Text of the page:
Better than McDonald’s

A couple months back I set out to make shoestring fries at home. As anyone who’s attempted this can tell you, it’s frustrating. Homemade fries, especially McDonald’s style shoestring fries are very hard to do well at home. There’s a reason for that. McDonald’s and others’ french fries are made in a factory, and created by food scientists using equipment and ingredients the home cook doesn’t have access to. Most homemade fries lack the crispness and golden color of chain restaurant fries. They come out limp, dark brown, have an overcooked taste, and lack the lightness of processed fries.

I started doing research and stumbled upon a technique that works. I used my harshest critic, my wife, as a taste tester and after eating a few, she said to me, “These are better than McDonald’s.”


Making these fries are a process, and they’re somewhat of a pain. But, the result is nothing short of spectacular. They’re very crisp, with a golden color, a light fluffy interior, and great flavor.

I start with Russets. I buy the longest potatoes in the bin. Then I cut them into shoestring shape on a mandolin. Next, I brine them in a salt and white vinegar brine for two hours. The salt and vinegar brine help to pull startch and moisture out of the potatoes which helps to create crispness. Next, I fry them at around 275-300 for three to four minutes until they’re just cooked through. It’s important not to get any color on them, we’re essentially blanching them in the oil. Then I lay them out single file on a sheet pan and freeze them. Once they’re fully frozen I put them in a ziploc bag until I’m ready for the final cook. Freezing is important. The ice crystals that form in the interior help to create that light fluffy texture that’s so pleasant to eat. Lastly, I fry the frozen fries at 375 degrees for about 3 minutes until crisp, being careful to not let them get too much color.

These fries are just as good, or better than McDonald’s. And really, all of the work is done ahead of time. I make a big batch and can pull as many fries as needed from the freezer to have amazing fries in just a few minutes.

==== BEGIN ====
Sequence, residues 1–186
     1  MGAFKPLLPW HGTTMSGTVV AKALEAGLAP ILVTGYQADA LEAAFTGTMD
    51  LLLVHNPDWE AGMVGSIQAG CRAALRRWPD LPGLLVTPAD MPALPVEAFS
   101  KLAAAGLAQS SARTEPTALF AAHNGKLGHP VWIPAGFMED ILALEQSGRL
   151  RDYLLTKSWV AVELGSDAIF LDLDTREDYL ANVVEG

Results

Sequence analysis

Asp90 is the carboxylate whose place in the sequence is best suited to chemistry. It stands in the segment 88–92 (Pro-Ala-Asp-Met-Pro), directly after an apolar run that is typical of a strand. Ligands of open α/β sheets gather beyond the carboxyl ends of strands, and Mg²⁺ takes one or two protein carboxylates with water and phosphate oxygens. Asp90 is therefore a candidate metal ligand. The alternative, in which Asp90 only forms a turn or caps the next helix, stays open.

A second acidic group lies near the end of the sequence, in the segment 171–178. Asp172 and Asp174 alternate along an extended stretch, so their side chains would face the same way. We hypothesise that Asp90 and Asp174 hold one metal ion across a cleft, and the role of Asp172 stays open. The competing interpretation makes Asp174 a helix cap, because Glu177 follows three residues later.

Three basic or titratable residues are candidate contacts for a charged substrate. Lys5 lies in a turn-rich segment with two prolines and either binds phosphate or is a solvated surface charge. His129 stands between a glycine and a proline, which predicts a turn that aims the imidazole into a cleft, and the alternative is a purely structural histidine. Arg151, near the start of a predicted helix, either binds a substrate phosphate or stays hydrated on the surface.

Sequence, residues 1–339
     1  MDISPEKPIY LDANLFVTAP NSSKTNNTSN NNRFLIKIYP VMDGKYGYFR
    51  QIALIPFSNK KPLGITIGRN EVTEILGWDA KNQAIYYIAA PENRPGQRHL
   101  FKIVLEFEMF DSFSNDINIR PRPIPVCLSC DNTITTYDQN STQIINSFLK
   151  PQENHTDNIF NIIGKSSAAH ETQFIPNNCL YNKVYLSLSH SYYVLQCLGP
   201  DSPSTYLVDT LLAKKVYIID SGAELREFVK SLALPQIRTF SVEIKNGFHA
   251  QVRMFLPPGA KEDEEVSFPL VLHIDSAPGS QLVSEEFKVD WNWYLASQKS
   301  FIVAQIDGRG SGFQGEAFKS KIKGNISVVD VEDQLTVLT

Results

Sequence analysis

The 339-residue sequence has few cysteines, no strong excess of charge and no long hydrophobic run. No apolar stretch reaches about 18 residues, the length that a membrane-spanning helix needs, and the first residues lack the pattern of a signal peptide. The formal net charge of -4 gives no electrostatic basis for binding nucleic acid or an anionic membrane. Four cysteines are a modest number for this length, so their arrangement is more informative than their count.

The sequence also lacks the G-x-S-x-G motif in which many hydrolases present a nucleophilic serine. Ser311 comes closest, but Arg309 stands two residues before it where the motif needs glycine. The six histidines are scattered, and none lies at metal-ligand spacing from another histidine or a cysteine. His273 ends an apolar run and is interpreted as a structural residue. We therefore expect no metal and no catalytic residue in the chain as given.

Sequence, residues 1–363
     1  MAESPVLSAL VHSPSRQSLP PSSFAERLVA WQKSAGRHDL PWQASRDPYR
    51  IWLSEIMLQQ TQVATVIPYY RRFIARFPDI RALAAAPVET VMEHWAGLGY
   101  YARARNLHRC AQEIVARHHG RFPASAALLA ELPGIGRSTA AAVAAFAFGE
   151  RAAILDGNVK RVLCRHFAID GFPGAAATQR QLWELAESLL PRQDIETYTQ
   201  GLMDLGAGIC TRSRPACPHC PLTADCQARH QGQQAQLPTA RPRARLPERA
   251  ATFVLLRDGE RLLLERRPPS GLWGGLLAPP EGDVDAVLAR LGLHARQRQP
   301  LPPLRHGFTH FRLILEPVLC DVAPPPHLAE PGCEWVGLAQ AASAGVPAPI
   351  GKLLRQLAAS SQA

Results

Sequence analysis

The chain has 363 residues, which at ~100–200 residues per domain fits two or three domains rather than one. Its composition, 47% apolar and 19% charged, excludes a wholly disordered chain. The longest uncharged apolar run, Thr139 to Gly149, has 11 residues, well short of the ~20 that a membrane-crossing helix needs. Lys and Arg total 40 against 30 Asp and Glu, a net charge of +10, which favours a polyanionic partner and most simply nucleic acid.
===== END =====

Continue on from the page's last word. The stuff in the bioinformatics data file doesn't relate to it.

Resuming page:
The Pierogi at Chester’s Smokehouse

When I was little, one of the treats my father would make for us was fried spaghetti. Occasionally we’d have spaghetti and meatballs, and invariably there’d be extra pasta leftover. Instead of saucing it, he’d throw the plain pasta in a frying pan with some butter. He let the pasta sit in the pan until one side browned and crisped up, then flip the whole thing, and repeat. It was one of my favorite things as a kid. Crispy, crunchy, chewy, and full of flavor from the caramelized pasta and butter. It was always a treat for me.

Fast forward to my early twenties when I discovered pierogi. I forget the brand I would buy, but I’d get them in the freezer isle at the grocery store. And I loved them. I’d fry them up in a pan with butter, and the experience reminded me of the fried spaghetti I’d have as a kid, only better, due to the addition of the mashed potato filling. Carbs on carbs. Yum.

A few weeks ago, I had the pleasure of dining at Muza the Eastern European restaurant in Troy. Everything we had was delicious (I especially recommend the potato pancakes), except one item, the pierogi. I didn’t care for them, nor did anyone in our group. The main downfall being the overly thick pasta shell, it was gummy, and there wasn’t enough filling. We tried some fried, and they lacked crispness and that wonderful caramelized pasta flavor I love so much.

About a month before Muza, I went to the Purple Pub in Watervliet. They had pierogis as a special on the menu “made by the church down the street”. They were fantastic, and that the local church made them, only added to their appeal.

Those two experiences reignited my interest in pierogi.

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Blue Apron – A Pictorial

If you’ve never heard of Blue Apron, they are a fresh, uncooked, meal delivery service. Each week, they send you 3 meals, with all the ingredients you need to cook the meal and recipe cards with instructions. The only items you need to have on hand are olive oil, salt, and pepper.

We’ve fallen in love with it. I’m a decent home cook, and if you’ve visited my blog at all, you’ve probably seen some of the recipes I’ve posted. But I love variety. And as good as I consider my own recipes, I get bored with them sometimes, and crave something different.

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